Coding is Kinda Like Cooking

Coding is Kinda Like Cooking

Over the past few years I've gotten heavily into cooking - thanks in large part to my beloved friend Joelle who introduced me to the concept of a CSA.** Now that we live in Durham and I've been spending my days coding and my evenings cooking, I've realized they have a lot in common.

We've heard of coding rockstars, monkeys, artists - but what about coding chefs? There is even an infrastructure automation technology called Chef, complete with cookbooks, workstations, and recipes. So where does the parallel come from? 


One of my favorite challenges in the kitchen is creating what I can with what I have at hand. Rather than discard the water in which you just cooked beets, use it to flavor your couscous. Turn your leftover curry into a spicy omelette in the morning. Pesto is my favorite scrappy project - it can be made from any nut and greens combo you have on hand. 

When coding, programmers follow similar principles. No code should be repeated; rather than referencing the same thing twice, identify patterns and extract them into separate methods. Avoid redundant variables and unnecessary logic. A failure to do this is known as "code bloat", which can be messy, confusing and worst of all wasteful. 


Jarred salsa. Ready-made pie crust. Pre-grated cheese. Even canned beans. These are frequently used items in a well-worn kitchen, and we buy these items pre-made even though they aren't tough to make from scratch. Yes, there is satisfaction in baking your own challah or pickling your own green beans, but there's someone out there who already did this for you.

In Ruby, this concept is known as gems, which you install onto your computer to help meet a specific need; for example, 'byebug' makes it way easier to debug code; 'faker' auto-generates fake user data; there is even a gem called 'bundler' which bundle installs other gems. When it comes to the needs of developers, "there is [almost always] a gem for that." Anyone can make gems, and you can use 'em! To date, there have been over 6 billion downloads of Ruby gems.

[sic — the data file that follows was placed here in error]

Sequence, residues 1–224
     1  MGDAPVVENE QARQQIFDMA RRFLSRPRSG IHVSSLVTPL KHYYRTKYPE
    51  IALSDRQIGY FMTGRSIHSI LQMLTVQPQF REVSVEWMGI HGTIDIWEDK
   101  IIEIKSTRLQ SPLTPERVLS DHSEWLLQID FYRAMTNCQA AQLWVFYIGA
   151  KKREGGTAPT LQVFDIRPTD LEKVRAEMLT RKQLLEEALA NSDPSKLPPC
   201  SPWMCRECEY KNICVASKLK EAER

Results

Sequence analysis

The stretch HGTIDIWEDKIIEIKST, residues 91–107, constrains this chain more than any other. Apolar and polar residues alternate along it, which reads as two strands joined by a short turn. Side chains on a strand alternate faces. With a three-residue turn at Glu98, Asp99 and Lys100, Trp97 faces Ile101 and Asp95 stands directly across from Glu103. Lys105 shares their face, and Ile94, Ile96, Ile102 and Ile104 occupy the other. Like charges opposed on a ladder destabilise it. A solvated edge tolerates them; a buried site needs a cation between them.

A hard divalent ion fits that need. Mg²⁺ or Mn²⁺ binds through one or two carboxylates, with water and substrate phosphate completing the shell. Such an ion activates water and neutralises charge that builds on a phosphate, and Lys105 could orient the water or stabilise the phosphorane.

There are many ways to do something; some methods give better results, but are more time consuming or harder to access. I can try to squeeze juice out of kale or I can use a juicer. I can make my rice in a pot - it just won't taste as consistent as a rice cooker. But sometimes fancy equipment does not yield a better result - every purist knows that latkes just taste better if you grate the potatoes by hand.

Similarly in code, there are many ways to satisfy a requirement. Some are more concise than others, but fewer lines isn't always synonymous with more efficient. In fact, the shortest way can harm the code's readability, which is often more important since most projects have multiple programmers working on them. For example, in a game of Battleship I can decide how to print hits and misses on the board with: 

has_ship_on?(x, y) ? @locations(x, y).fired_upon ? (print " X |") : (print " O |") : (print "   |")

or I can write it out a bit differently: 

if (has_ship_on?(x, y) && @locations(x, y).fired_upon == false)
     (print "| O ")